Bangabandhu Sheikh Mujib Medical University (BSMMU) Vice-Chancellor Prof Md Sharfuddin Ahmed has ruled out the rumour that a Monkeypox patient was admitted to the hospital.
"No Monkeypox patient has been detected in the hospital. I heard it was spread across Facebook that a Monkeypox patient has been found in BSMMU. It is actually a rumour," Prof Sharfuddin Ahmed told The Business Standard Monday.
He announced that an awareness seminar about Monkeypox will be held at BSMMU on Thursday.
"There is nothing to panic about Monkeypox. If someone has a rash, fever or any other symptoms, they need to isolate themselves, so that even if they are infected, the infection does not spread," he added.
In a media release issued on Monday, BSMMU said there are rumours spread on social media about detecting a Monkeypox patient citing Noakhali's Senbag Upazila Health Complex Assistant Surgeon Dr Asif Wahid.
Meanwhile, Dr Asif Wahid clarified that the post that is being shared on Facebook in his name, was not posted from his ID, saying, "I have nothing to do with this incident."
Dr Asif, a medical cadre of 39th BCS, is a resident of BSMMU Urology Department.
Earlier on 22 May, the Directorate General of Health Services (DGHS) issued an alert to all air and land ports across the country about the spread of Monkeypox in various countries of Africa, Europe, and the Americas.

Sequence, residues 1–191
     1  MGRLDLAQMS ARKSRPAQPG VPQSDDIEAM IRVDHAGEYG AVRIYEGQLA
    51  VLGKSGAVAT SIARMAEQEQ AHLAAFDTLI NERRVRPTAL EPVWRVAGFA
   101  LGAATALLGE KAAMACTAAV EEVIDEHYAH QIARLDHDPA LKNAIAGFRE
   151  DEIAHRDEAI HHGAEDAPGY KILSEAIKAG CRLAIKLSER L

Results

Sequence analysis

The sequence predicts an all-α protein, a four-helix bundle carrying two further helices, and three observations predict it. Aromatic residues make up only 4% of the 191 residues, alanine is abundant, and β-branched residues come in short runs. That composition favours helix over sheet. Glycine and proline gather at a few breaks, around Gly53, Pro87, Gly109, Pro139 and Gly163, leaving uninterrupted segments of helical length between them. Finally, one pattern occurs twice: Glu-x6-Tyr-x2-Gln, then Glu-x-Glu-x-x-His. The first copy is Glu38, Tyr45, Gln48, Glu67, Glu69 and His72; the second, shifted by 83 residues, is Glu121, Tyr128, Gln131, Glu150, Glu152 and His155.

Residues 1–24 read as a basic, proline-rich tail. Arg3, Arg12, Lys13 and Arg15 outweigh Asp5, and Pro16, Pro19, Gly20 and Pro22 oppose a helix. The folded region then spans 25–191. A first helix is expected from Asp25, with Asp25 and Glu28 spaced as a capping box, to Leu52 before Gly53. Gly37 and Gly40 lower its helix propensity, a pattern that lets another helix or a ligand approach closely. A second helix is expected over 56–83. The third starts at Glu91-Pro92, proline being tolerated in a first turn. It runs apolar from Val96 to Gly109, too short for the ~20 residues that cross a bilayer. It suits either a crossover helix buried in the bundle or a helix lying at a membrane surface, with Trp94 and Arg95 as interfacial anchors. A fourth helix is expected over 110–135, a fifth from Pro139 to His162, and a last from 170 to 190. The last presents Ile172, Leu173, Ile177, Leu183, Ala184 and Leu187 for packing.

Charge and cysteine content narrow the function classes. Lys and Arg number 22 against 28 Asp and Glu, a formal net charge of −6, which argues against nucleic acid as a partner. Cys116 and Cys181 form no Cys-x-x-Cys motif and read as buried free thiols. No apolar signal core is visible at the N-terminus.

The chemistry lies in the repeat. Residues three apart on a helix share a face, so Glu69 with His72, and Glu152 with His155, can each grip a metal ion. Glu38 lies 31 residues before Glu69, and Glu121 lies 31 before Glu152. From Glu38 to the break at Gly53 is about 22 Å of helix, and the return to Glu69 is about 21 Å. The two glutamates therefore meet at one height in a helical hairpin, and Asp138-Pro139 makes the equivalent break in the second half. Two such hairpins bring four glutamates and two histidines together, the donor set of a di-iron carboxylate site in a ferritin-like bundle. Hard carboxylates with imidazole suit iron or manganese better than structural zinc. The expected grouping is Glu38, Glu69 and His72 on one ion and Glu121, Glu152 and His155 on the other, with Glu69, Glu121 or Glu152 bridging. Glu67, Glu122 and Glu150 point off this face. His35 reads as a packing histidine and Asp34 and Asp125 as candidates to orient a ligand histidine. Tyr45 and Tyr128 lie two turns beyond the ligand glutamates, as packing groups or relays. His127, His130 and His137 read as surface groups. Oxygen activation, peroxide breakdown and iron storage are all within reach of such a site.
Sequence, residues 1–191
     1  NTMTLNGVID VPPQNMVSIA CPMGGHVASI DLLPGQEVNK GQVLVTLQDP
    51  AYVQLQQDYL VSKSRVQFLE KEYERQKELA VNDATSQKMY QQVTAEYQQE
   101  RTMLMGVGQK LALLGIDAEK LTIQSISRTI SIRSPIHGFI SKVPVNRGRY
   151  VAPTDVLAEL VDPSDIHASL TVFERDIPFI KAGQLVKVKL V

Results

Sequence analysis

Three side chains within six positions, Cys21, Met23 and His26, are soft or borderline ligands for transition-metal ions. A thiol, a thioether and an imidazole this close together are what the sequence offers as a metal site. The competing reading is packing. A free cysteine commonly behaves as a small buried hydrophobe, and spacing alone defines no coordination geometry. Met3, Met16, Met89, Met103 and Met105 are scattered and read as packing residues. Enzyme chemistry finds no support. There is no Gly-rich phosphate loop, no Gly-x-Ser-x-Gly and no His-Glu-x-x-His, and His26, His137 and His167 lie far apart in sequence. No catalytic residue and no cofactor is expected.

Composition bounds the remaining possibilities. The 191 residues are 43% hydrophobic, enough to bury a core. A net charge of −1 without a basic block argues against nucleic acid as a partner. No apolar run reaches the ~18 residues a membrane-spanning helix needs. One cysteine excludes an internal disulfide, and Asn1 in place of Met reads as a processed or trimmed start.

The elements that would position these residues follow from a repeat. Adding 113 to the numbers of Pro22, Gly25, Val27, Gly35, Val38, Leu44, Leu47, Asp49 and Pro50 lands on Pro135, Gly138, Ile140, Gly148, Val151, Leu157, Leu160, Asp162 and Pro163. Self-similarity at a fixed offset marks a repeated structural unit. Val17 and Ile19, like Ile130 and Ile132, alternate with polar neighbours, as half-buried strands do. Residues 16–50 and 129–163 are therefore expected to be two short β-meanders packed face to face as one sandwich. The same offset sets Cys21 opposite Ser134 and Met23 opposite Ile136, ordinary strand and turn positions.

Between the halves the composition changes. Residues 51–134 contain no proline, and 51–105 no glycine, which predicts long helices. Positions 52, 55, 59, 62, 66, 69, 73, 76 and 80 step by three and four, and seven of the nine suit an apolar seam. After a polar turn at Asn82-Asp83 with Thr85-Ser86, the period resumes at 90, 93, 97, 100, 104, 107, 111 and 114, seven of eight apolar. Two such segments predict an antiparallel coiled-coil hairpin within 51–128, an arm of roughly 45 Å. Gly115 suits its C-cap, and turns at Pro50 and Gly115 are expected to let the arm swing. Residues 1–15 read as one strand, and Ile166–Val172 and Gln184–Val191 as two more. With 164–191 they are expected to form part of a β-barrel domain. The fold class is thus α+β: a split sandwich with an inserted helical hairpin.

Hazrat Shahjalal International Airport, Chattogram Port, the civil surgeon of Sylhet and civil surgeons of districts with international ports have been asked to take necessary action in line with the alert.
As of 21 May, at least 92 Monkeypox virus cases have been confirmed in 12 countries, the World Health Organization (WHO) has said, warning that the infection is likely to spread to more nations even as it expands surveillance.
The 12 countries — the US, Canada, Australia, the UK, Spain, Portugal, Germany, Belgium, France, the Netherlands, Italy and Sweden — are not endemic to the Monkeypox virus, meaning the virus is not typically found in these countries, unlike some countries in Central and West Africa.
The list of suspected cases includes patients who have had a rash and have recently been confirmed with cases of Monkeypox, who have travelled to countries where Monkeypox is prevalent, or who have had contact with someone who has had a similar rash or has been identified as a confirmed or suspected Monkeypox patient.
Suspect and symptomatic patients should be isolated at the nearest government hospitals or the Dhaka Infectious Diseases Hospital. The Institute of Epidemiology Disease Control and Research (IEDCR) information should be informed.